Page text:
We were chosen at one time but each Jew, present and future,
must also choose himself or herself.
To be Jewish is to choose, over and over again during our lives, the renewal of the Covenant we have with G-d, in which we agreed to show by example that the laws and wisdom of the Five Books of Moses is the
way for humanity to reach its potential.
A long time ago, at Mount Sinai and in the following years,
the Jews, as a group, chose to enter a Covenant, a grand agreement,
with G-d, but they were chosen long before then for an important
mission. Starting with G-d’s choice of Abraham, and
then the choice of certain descendants, and finally His choice
of the greatly enlarged group, the Jews were being prepared
for a very special historical role. This people were freed
from slavery and isolated in the desert. It was there that
the purpose of their selection was revealed and the details
were taught. The Jews, mostly as a token of gratitude and
trust, accepted the task that had been waiting for them. They
literally said, yes, we choose to fulfill Your plan for us,
even though the specifics were only gradually revealed over
the course of the wanderings.
What was the purpose of the chosenness and what did the Jews
choose to accept? They were going to be part of an all-important
demonstration or experiment. They were not chosen for other
special favors. G-d wanted to give humanity certain ethical
and social organization suggestions. He wanted these ideas
conveyed not through force but rather by example. The Jews
volunteered to live the laws and to show the world what wonderful
benefits can be derived from them.
The laws, of course, apply to the individual, family, city,
and state levels. They also cover our relationship to animals
and all of nature. To truly demonstrate the wisdom of the
laws, the Jews would need cities and a state. Even before
the society could be set up according to these laws in Israel,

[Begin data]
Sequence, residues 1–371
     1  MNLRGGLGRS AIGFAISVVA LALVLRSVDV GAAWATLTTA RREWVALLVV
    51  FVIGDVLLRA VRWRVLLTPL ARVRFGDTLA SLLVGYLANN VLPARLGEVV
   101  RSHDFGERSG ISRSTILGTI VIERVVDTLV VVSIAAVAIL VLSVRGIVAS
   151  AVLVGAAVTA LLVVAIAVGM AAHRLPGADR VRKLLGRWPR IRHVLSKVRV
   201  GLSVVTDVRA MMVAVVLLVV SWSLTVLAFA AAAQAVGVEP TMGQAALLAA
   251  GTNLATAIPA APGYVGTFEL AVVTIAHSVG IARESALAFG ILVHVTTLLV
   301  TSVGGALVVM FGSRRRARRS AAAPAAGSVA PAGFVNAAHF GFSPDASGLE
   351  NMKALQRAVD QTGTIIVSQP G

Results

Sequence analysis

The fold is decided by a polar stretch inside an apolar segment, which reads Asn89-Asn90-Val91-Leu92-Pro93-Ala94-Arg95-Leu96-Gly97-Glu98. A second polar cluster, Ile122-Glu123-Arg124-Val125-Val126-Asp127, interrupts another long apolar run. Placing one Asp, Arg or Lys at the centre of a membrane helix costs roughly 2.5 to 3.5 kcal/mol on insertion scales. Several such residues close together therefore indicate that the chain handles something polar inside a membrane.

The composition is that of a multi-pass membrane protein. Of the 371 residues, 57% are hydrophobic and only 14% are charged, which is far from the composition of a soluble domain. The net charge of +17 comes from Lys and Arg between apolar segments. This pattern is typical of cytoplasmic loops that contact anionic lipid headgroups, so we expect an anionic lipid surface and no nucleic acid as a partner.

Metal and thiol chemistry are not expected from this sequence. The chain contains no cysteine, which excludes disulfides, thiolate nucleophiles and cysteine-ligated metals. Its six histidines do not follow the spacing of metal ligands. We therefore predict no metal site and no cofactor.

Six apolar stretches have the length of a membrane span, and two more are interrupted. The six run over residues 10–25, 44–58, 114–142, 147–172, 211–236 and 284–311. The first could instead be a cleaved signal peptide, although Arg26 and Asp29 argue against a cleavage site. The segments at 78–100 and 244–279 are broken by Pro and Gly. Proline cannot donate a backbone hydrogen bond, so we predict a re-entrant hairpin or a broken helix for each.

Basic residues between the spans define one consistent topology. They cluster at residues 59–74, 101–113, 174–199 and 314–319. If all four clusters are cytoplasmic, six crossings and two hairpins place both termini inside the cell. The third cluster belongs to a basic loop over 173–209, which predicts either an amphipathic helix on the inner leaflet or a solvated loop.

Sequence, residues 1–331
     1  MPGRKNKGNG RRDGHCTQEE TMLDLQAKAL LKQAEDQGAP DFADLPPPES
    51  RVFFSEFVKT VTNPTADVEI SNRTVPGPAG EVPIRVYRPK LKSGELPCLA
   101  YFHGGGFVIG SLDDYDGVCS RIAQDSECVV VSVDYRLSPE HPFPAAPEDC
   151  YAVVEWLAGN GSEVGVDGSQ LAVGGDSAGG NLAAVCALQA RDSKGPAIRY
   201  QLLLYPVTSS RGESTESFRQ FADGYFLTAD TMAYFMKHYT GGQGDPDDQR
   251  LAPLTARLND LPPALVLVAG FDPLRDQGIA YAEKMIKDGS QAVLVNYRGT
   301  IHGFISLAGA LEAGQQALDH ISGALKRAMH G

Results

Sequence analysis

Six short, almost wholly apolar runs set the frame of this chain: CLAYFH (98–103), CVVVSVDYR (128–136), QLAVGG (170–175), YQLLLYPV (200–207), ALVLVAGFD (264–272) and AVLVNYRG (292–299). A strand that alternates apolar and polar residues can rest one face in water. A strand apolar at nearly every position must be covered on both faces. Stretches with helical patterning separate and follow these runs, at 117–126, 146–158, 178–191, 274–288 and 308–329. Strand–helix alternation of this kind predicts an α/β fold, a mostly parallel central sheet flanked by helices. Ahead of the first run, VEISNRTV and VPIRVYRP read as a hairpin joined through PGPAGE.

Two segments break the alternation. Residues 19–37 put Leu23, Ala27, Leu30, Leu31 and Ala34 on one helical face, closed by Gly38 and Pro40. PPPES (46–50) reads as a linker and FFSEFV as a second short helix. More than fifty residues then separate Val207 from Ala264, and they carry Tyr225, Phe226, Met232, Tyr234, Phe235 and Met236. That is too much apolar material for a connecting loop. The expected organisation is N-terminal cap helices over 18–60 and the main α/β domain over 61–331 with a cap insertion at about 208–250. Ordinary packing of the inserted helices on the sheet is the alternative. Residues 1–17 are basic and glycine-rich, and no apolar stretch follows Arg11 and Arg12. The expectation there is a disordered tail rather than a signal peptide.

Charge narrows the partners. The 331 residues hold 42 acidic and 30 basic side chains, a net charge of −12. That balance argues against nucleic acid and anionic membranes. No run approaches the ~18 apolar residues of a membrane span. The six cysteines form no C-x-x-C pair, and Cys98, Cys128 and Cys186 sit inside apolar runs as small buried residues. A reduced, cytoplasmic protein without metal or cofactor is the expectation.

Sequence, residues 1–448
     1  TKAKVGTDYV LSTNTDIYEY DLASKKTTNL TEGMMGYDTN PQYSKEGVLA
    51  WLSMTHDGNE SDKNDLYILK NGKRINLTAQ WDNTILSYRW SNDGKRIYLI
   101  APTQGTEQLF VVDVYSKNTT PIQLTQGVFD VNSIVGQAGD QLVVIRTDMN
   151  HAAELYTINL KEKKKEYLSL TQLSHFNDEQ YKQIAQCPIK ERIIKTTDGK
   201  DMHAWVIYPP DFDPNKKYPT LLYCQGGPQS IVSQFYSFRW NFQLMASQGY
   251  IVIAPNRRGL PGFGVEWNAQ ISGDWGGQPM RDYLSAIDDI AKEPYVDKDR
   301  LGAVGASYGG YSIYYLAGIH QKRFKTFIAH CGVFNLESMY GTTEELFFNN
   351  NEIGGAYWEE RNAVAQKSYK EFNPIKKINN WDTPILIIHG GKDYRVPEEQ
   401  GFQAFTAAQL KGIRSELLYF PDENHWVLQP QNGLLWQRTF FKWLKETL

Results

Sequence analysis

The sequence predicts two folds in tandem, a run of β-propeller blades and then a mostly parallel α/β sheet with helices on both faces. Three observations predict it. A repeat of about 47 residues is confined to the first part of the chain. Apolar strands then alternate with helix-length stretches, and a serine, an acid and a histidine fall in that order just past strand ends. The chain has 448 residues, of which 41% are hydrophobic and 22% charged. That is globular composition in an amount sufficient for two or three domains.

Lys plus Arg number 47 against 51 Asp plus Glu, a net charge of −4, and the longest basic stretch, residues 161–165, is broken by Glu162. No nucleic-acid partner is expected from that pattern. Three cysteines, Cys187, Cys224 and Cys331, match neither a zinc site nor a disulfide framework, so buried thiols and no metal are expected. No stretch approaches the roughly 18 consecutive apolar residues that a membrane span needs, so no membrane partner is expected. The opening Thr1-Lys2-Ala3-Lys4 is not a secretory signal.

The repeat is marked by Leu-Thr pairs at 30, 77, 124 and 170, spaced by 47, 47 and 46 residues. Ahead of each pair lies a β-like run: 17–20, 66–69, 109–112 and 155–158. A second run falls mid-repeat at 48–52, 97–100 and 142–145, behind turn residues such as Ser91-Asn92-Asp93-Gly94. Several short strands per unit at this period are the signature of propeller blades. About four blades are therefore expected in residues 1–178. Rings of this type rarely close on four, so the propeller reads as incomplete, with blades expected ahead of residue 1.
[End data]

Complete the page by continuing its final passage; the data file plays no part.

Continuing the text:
the Jews would need a transformation from a slave mentality
and lives of desperation to free men’s and women’s
pride, functioning families, and civic participation. That
took forty years and a new generation.
We entered Israel but our troubles did not end. There were
times when the society was functioning somewhat according
to plan but most centuries saw one disaster after another
and chaos. Later we lost the state and had no control over
cities either. This meant a large part of the experiment could
not even continue, and left to us were merely the laws governing
individual, family, and congregation behavior.
The need for active (conscious and frequent) affirmation
of the Covenant had never been well understood. Many who considered
themselves Jewish or were considered Jewish by the surrounding
religion, did not look at the Covenant as a personal choice.
They did not realize that each person must choose to enter
the Covenant in order for Jews to have a reason for existing
as a distinct people. So here we are today, with many people
being Jewish only by parentage or by tradition or whatever.
It is time to think about choosing the Covenant for ourselves
and then not losing sight of it during our entire lifetimes.
It has to be a conscious choice. People must be educated
so that they understand the choice. They must have opportunities
to discuss the choice with other Jews. They can make the choice